The Akers Cemetery sits on the hill overlooking Gladden Creek north of where the school sat. Both sets of my grandparents are buried there as well as aunts and cousins. My great- great grandparents on the Purcell side are also buried there. Several graves are marked with cave rock. My parents are not buried there because my mother feared the Park service would let it grow up and be destroyed. Before the national park, she and Dad and other community members took very good care of the cemetery.
My brother Gene and I sit on the Akers Cemetery Board. He is the president; Richard Purcell, vice president; Jim Purcell treasurer and I am secretary at present.I never want the Akers cemetery to grow up and be destroyed like many cemeteries up and down the river. For example, the pre-Civil War Purcell family cemetery located on what was the Beanie Purcell place across from Cave Springs is grown up, grave markers lost, and cannot be found unless if you know exactly where you are going. Veterans are buried there. I never want the Akers cemetery to suffer the same fate.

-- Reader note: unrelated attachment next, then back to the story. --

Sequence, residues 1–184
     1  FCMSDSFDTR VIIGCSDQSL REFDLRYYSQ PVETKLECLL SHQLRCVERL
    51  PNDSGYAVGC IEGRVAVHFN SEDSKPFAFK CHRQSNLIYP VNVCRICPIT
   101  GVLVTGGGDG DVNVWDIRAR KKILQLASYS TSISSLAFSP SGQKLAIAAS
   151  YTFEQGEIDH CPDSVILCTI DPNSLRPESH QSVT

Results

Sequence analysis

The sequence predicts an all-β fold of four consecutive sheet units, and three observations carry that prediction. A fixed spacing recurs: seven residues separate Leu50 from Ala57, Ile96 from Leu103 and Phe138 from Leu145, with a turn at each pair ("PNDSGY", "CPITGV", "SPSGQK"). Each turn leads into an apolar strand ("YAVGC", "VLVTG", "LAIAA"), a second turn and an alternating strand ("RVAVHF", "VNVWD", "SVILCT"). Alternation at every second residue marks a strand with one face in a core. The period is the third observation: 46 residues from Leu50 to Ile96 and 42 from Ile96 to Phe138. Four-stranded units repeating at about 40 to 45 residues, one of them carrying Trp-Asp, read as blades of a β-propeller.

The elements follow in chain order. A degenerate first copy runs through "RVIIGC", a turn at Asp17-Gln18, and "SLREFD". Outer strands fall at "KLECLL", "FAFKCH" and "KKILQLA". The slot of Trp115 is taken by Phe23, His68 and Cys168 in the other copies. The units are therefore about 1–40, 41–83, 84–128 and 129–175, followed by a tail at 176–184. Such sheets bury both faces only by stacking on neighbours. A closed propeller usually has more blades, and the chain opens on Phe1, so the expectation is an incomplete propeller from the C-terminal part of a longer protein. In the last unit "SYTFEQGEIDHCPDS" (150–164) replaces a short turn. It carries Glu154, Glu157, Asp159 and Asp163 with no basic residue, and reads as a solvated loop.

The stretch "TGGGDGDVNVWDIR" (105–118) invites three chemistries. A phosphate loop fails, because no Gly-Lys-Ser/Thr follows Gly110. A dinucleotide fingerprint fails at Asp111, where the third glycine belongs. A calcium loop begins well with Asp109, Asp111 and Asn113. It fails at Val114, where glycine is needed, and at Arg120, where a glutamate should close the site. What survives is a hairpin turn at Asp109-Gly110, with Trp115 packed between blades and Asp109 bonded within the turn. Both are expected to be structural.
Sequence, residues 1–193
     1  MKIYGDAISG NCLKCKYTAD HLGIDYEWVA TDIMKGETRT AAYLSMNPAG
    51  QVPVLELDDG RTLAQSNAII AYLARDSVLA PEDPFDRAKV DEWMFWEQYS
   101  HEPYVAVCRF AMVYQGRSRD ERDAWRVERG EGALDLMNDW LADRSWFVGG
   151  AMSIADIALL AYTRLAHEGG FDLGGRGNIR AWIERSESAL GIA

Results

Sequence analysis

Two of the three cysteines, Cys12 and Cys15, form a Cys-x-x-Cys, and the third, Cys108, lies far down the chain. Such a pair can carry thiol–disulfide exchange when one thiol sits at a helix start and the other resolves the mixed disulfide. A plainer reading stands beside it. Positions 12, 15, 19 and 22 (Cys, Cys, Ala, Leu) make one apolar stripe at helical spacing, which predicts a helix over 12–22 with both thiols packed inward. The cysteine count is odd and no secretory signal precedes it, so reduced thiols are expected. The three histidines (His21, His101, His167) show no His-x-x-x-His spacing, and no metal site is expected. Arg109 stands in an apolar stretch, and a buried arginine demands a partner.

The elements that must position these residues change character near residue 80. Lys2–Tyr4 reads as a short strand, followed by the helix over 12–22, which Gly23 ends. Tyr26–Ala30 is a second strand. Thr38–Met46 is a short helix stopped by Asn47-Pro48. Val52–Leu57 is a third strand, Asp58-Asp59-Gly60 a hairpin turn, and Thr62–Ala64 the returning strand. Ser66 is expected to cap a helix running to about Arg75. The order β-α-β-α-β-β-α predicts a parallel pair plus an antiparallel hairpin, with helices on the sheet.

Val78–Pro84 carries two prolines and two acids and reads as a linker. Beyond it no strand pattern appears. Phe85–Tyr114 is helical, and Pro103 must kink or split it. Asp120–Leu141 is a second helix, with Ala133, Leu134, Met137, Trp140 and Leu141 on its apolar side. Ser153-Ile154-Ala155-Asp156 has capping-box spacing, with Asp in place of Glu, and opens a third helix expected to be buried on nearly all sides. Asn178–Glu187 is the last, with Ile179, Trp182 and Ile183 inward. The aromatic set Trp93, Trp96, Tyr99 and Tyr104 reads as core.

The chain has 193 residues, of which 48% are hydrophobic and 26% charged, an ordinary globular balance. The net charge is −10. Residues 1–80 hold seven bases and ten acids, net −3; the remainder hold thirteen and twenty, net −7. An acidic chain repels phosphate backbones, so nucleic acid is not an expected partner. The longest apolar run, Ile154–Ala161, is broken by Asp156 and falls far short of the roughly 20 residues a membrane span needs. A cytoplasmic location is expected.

After my parents were married, they built the store where it stands today. Half of the building was our home and the other half was the store. The store had a post office built in one corner of the building just like my grandparents store. My mother was the Post Master there as well as my father being the barber. It was the hub bub of the community. People gathered around the wood stove and told stories. In addition, people still traded for most everything they needed. Salesmen and traders would come through the area selling their goods and would repair what needed repairing.
Ozark Mountain People
Traditions and the Ozark Mountain People culture continued. The neighbors would take turns having square dancing in their homes. My father (Buck Maggard) was the fiddler on most evenings and my uncle Doc would market their moonshine. (My parents met each other at one of these dances.) Life at Akers was good.
The Story Unfolds
My parents, Buck and Loreen Maggard, bought a couple of canoes from Sears and Roebuck catalog to rent to people who might want to float, fish or just enjoy the Current River. He also built a campground on both sides of the river for campers to use. My dad would use his red